Senator Bernie Sanders made all sorts of good points in his speeches in Pine Ridge, Rapid City, and Sioux Falls yesterday (see full video below). Among them, the durable Democratic Presidential candidate said that poverty is not just an economic problem but an effective death sentence, corresponding to lower life expectancies in low-income areas.
Governing presents some data from the National Survey of Children’s Health that appears to fit the assertion that poverty and poorer health outcomes for children go hand in hand:
Nationwide, children’s health status and healthy weight correlates neatly with family income: lower income (measured relative to the Federal Poverty Level in these charts) correlates with more kids in fair or poor health, and higher family income means higher percentages of kids at healthy weight.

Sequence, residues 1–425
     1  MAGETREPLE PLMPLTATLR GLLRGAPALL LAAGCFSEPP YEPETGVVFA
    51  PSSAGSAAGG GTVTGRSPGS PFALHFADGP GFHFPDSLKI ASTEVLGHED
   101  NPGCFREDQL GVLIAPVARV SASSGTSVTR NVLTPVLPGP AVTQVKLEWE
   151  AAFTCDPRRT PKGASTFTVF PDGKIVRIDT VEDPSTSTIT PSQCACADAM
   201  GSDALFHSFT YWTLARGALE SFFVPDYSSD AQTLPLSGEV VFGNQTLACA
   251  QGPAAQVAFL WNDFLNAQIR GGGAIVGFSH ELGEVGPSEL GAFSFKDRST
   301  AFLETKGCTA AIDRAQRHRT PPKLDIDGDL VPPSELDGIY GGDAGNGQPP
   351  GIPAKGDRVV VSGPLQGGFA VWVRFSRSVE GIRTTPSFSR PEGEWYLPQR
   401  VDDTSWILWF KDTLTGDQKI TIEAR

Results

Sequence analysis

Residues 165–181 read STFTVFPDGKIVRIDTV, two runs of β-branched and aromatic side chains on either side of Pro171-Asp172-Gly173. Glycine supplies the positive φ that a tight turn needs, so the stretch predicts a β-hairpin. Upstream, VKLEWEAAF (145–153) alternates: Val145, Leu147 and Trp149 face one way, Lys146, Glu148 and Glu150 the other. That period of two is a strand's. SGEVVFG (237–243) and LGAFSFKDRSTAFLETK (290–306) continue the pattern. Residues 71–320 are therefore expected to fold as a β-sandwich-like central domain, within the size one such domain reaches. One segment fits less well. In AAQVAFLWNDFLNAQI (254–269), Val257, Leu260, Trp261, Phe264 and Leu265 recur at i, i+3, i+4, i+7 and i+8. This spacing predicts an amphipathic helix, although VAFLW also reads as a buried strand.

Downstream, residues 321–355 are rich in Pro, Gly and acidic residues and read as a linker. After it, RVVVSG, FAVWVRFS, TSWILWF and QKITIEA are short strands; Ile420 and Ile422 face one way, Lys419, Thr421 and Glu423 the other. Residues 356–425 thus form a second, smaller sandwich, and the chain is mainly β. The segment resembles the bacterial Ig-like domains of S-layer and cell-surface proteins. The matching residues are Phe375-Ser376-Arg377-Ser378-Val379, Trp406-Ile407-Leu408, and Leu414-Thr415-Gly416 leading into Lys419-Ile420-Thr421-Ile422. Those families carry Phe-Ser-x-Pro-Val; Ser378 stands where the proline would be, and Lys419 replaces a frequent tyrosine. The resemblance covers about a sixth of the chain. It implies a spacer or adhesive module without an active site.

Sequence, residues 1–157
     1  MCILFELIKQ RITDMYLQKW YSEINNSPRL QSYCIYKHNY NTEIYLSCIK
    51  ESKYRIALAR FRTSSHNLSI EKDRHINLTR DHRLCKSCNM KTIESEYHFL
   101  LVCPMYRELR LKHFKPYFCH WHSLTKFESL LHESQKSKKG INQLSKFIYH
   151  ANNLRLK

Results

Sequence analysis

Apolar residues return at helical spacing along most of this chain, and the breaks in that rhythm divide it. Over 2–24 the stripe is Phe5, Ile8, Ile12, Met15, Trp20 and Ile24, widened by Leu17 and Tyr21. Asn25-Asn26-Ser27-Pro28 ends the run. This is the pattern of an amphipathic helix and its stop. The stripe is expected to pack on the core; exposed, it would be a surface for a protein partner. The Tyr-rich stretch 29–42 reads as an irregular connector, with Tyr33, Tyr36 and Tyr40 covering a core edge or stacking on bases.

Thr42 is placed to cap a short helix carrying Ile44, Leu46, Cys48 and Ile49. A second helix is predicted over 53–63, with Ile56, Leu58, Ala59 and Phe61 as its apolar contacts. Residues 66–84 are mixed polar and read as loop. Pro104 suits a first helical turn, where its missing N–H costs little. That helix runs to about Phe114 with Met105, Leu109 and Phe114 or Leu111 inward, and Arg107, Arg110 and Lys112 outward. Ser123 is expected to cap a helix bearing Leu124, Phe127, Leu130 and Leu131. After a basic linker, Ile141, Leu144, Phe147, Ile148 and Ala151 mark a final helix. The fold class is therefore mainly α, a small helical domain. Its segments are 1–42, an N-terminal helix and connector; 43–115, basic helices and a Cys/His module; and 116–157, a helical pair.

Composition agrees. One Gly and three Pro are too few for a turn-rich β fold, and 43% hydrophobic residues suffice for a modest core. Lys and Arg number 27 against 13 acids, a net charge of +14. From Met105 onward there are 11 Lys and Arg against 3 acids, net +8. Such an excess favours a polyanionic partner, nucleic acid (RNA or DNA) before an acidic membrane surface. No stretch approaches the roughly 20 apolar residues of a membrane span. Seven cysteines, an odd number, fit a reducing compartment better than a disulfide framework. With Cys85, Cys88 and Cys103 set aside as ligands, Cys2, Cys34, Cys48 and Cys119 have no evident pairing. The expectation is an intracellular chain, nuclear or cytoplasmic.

Interestingly, the numbers don’t correlate quite as neatly in South Dakota:
The bottom and top income brackets match the federal correlation, although it’s worth noting that we have much smaller percentages of kids in fair/poor health than the national average. Puzzlingly, the middle income categories in South Dakota deviate from the straight correlation.